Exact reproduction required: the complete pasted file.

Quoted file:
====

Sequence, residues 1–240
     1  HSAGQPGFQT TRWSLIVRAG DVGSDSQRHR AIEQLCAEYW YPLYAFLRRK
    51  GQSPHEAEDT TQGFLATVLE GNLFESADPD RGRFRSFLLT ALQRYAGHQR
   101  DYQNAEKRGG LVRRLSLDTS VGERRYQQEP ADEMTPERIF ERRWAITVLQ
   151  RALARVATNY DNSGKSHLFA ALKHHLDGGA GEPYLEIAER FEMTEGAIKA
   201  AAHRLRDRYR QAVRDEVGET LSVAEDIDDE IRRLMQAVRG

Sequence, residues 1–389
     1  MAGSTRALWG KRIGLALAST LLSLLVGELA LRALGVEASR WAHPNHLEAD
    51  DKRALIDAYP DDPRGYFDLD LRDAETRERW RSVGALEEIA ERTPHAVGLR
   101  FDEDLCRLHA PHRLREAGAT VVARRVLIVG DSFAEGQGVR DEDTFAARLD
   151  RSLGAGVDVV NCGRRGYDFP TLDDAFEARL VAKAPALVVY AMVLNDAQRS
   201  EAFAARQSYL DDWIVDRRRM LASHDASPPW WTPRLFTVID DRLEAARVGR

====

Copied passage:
Sequence, residues 1–240
     1  HSAGQPGFQT TRWSLIVRAG DVGSDSQRHR AIEQLCAEYW YPLYAFLRRK
    51  GQSPHEAEDT TQGFLATVLE GNLFESADPD RGRFRSFLLT ALQRYAGHQR
   101  DYQNAEKRGG LVRRLSLDTS VGERRYQQEP ADEMTPERIF ERRWAITVLQ
   151  RALARVATNY DNSGKSHLFA ALKHHLDGGA GEPYLEIAER FEMTEGAIKA
   201  AAHRLRDRYR QAVRDEVGET LSVAEDIDDE IRRLMQAVRG

Sequence, residues 1–389
     1  MAGSTRALWG KRIGLALAST LLSLLVGELA LRALGVEASR WAHPNHLEAD
    51  DKRALIDAYP DDPRGYFDLD LRDAETRERW RSVGALEEIA ERTPHAVGLR
   101  FDEDLCRLHA PHRLREAGAT VVARRVLIVG DSFAEGQGVR DEDTFAARLD
   151  RSLGAGVDVV NCGRRGYDFP TLDDAFEARL VAKAPALVVY AMVLNDAQRS
   201  EAFAARQSYL DDWIVDRRRM LASHDASPPW WTPRLFTVID DRLEAARVGR